Intriguing 1918 Photo

mosconiac

Job+Wife+Child=No Stroke
Silver Member
I love visiting Shorpy's for vintage photos. A pool related on popped up today. Poor guys couldn't afford a cueball!!!

Can anyone ID the flag & branch of the military?

high-res: http://www.shorpy.com/node/13566?size=_original#caption

SHORPY_13988a.preview.jpg
 

Kickin' Chicken

Kick Shot Afficionado
Gold Member
Silver Member
Wow, that really is a great photo!

Just a guess but that flag may be indicating a 4 star general is either in the house or expected. When generals were "in" on bases where I served, it was customary for there to be a flag indicating so. Similar to what they would do, for instance, on jeeps when a high ranking officer, usually full bird colonels and higher were on board. Typically, a rank plate would be affixed to the front bumper.

What a cool table.

Thanks for sharing this.

best,
brian kc
 
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Tramp Steamer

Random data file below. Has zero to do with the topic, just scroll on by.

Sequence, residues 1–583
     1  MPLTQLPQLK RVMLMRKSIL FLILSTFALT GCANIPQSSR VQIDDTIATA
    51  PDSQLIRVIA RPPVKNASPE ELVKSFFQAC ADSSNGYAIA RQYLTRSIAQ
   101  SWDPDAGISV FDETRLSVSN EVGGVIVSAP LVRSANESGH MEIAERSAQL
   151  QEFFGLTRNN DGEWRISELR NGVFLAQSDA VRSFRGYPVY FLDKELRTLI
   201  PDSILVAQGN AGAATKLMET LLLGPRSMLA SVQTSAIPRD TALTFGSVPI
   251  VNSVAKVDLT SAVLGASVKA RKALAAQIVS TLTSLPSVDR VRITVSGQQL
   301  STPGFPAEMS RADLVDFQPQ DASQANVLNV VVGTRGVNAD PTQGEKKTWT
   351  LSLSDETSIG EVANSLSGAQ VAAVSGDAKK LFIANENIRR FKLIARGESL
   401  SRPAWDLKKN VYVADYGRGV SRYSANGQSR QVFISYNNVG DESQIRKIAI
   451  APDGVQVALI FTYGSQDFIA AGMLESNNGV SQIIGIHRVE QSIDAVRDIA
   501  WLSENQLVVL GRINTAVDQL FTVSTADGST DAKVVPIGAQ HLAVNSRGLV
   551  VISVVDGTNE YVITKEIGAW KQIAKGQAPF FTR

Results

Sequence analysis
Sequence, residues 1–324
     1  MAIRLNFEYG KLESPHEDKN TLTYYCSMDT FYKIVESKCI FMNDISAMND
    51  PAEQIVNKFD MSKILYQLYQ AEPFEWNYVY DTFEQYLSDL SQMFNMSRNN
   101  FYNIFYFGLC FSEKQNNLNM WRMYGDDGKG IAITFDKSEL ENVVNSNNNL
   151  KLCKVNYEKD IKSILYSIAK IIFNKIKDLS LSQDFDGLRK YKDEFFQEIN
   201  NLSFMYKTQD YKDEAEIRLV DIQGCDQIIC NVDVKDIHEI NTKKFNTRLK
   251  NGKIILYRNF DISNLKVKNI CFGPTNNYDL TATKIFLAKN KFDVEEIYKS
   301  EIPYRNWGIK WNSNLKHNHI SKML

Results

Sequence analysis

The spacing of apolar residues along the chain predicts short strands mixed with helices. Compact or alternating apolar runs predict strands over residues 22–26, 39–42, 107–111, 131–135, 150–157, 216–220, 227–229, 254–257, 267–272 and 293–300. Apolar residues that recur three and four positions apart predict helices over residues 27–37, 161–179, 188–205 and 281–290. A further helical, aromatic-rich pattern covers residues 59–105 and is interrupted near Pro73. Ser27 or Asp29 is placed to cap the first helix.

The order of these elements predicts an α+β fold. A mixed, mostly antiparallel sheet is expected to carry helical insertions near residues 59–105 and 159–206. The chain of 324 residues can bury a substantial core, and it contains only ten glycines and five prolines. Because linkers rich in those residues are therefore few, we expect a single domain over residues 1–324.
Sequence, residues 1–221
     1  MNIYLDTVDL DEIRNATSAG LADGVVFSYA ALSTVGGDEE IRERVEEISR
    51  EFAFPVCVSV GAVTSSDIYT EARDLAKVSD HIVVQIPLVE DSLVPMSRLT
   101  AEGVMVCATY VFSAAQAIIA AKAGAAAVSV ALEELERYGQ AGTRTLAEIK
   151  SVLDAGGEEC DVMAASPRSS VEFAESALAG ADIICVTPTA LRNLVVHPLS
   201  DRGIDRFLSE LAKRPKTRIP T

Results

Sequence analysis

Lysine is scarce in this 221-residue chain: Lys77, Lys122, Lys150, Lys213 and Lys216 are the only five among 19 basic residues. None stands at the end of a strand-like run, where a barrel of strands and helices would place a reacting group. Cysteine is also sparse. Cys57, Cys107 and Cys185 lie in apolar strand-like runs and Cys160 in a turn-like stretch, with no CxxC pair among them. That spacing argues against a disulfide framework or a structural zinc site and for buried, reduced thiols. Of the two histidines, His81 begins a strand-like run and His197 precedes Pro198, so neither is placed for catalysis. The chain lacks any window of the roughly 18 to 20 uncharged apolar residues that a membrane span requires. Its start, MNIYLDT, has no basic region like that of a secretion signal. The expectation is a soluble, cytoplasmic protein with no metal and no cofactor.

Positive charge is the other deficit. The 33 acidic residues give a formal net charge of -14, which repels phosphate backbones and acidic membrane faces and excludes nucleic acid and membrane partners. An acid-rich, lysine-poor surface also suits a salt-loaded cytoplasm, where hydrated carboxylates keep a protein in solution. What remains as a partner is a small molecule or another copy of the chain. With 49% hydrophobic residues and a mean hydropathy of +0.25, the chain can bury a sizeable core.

One Pocket enthusiast.
Silver Member
That is a very interesting photo. Why are the points of the cue on the shaft and upside-down to boot?

Thanks for sharing! :smile:

They're not. That's a one piece cue with a full-splice joint in the shaft area.
Not so much decorative, but rather an effort to make the cue more warp resistant.
At the time that photo was taken it was raining outside. :smile:
 

bdorman

Dead money
Silver Member
I played on that table at a bar in Door County Wisconsin.

The same cloth is still holding up.
 

1ab

AzB Silver Member
Silver Member
Standing to the right of the soldier not shooting are two Marines the rest appear to be Army. Great Photo...No idea about the flag.
 

PoolSharkAllen

AzB Silver Member
Silver Member